For those who don’t get the Hawke’s Bay Today, here’s my letter to the editor that was printed in Wednesday’s edition in relation to “FindlayGate” – the CEO of HB Cricket scoring 307 against a team of schoolboys in a match last Saturday.
It has been very interesting listening to peoples opinions, which seem split pretty much 50/50 on whether his actions were correct. Here’s my opinion for what it’s worth:
(Note: while the grade they play in does have a “split-cricket” component, I discovered after writing this that that part of the competition actually finished at Christmas. This round is straight 45 overs each, but they still break at 20 overs and my opinion still stands that Tech should have declared at that stage when they were 300/1)
Grown man scores 307 against a team of young schoolboys. Nothing to be proud of there, really.
I was playing on the neighbouring pitch on Saturday, nearly got hit by a couple of the “towering sixes” and was getting quite thoroughly depressed for St Johns’ up and coming young cricketers watching the ever-increasing score line.
Tech and St Johns were playing in a grade that has a “split level” game – The team batting first bats for 20 overs, the two teams have a break and the batting side decide whether they will declare, or bat on. At 20 overs Tech were at around 305 for 1 – a massive score in any grade or competition and, in hindsight, around 125 more runs than their opposition would ultimately get.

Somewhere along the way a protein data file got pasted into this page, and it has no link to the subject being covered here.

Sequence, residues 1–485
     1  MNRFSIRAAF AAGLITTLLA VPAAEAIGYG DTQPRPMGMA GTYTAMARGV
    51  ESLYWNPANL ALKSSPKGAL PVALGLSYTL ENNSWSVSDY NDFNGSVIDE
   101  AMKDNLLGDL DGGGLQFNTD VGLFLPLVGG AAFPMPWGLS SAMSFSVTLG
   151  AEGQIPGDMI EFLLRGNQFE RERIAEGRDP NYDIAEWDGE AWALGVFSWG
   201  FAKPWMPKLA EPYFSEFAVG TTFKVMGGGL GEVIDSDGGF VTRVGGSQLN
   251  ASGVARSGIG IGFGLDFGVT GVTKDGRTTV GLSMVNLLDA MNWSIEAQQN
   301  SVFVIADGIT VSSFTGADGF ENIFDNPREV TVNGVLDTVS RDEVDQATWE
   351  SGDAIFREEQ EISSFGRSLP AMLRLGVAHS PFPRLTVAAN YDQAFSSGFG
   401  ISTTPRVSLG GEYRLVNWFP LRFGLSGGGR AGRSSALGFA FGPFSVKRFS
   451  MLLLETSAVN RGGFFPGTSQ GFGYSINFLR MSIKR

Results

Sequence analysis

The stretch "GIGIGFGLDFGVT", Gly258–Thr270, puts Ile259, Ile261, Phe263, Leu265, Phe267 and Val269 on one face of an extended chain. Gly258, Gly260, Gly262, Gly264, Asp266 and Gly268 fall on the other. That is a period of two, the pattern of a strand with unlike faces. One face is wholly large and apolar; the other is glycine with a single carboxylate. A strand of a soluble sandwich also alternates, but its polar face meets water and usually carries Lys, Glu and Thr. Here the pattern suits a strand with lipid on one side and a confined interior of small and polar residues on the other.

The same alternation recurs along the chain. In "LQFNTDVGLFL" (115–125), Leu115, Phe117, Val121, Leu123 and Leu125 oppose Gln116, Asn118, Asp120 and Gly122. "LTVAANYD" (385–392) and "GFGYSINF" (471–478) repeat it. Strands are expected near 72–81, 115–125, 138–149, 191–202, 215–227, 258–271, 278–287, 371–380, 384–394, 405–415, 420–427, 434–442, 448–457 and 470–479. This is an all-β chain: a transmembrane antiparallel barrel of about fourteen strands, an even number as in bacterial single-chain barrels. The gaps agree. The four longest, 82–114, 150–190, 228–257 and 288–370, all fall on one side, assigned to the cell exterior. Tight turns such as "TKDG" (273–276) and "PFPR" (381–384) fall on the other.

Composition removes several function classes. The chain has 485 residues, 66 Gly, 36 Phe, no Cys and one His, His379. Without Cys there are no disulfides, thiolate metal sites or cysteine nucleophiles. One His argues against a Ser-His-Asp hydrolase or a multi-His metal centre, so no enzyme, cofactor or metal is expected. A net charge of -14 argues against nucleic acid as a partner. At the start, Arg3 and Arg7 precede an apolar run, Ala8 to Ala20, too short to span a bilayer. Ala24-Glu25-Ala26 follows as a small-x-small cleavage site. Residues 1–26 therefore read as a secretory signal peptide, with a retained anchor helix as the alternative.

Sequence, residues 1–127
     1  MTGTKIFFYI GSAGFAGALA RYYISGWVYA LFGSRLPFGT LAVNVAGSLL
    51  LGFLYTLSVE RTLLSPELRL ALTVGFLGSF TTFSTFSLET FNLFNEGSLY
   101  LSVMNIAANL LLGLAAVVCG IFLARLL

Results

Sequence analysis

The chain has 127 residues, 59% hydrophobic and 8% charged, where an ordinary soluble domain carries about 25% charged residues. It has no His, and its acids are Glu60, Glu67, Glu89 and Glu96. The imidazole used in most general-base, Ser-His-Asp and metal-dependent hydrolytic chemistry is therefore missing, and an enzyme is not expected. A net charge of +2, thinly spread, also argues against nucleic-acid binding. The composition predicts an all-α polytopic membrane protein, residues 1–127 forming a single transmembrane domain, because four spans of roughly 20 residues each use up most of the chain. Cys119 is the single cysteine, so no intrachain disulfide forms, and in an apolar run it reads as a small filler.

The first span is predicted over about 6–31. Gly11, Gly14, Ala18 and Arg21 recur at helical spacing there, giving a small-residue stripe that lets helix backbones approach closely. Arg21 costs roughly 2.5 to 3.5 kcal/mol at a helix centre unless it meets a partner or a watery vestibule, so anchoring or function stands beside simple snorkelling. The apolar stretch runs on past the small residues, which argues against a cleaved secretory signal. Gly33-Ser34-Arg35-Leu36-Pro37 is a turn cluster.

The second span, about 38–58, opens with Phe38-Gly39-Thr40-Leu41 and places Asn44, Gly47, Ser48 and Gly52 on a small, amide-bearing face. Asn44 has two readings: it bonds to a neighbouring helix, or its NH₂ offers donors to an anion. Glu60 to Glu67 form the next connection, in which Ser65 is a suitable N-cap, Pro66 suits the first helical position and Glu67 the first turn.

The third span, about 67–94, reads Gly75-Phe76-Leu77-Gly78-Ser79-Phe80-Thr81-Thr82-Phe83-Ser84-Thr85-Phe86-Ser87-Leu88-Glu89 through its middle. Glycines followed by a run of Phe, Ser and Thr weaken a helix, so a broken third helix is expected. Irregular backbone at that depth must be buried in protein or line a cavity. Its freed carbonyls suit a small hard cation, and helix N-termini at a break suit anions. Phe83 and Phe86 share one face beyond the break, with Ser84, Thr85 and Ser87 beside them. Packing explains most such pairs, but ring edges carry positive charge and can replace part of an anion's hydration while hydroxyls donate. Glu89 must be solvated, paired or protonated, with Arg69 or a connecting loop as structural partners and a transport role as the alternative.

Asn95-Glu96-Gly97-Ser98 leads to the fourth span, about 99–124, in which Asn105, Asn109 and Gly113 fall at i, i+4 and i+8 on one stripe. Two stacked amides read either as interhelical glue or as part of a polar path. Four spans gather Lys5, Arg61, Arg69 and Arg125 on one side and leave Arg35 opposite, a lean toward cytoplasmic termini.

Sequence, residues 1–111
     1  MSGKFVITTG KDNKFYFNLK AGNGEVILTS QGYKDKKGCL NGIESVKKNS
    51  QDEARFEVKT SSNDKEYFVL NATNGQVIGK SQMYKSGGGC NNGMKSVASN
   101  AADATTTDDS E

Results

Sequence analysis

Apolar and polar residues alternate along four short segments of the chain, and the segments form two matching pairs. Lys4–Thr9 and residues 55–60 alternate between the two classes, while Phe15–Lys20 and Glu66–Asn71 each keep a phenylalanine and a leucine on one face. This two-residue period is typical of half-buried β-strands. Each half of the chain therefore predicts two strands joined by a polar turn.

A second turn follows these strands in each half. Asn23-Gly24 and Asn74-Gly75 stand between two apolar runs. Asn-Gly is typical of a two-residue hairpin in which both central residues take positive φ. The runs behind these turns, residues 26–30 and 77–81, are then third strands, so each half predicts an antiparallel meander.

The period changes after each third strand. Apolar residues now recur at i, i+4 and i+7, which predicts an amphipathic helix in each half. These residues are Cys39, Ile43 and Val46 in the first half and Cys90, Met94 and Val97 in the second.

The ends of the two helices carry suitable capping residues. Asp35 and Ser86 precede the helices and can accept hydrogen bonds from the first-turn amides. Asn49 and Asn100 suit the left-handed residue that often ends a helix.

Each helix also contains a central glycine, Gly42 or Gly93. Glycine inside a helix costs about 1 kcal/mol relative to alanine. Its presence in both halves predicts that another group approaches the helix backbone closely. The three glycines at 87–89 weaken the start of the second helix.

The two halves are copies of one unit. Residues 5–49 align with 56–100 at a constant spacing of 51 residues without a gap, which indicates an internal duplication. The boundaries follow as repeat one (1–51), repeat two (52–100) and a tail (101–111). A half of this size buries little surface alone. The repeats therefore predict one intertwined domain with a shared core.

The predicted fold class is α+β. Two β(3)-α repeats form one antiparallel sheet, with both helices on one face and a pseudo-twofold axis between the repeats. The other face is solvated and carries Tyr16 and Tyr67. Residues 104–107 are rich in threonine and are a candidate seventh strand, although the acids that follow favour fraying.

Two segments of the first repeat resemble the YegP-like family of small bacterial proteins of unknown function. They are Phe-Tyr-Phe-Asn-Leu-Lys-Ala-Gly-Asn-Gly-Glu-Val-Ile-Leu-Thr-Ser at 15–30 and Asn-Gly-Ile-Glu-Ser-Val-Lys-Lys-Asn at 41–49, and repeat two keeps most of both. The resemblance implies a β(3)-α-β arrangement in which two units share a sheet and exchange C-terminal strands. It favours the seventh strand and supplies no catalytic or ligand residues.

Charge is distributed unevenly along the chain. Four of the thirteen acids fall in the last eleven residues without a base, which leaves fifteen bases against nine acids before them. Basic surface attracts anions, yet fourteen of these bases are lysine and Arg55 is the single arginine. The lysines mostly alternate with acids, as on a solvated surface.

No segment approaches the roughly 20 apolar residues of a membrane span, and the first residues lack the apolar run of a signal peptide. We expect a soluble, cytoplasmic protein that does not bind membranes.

We were watching their game between overs on our pitch and thinking Tech would rightfully and more importantly, SPORTINGLY, declare. But they didn’t and as reported went on to make a rather farcical 578 – a score which not even the Black Caps could make.
But then for man who made this publicity-worthy score and is also the same person who oversees the competition to say:
“St Johns bowling probably wasn’t up to senior grade standard and said the boys from the Hastings college will probably struggle in the association’s senior men’s club competition” just adds insult to injury.
Throughout New Zealand clubs and schools have a hard time attracting and keeping players, both young and old. The ultimate goal is to get them playing a sport, inspire them at a young age and help them develop into successful, young sportspeople. I didn’t see much for any Hawke’s Bay cricketer, young or old, to be inspired by in Tech’s tactics in that game.
The credit in this game really goes to the St Johns’ boys, who never gave up. They played on despite rather massive odds and took some stunning catches later in their fielding innings. From where we were playing, they looked like a very young, but commendably committed future stars of the game.
Secretary and Player
Napier Old Boys’ Marist Cricket Club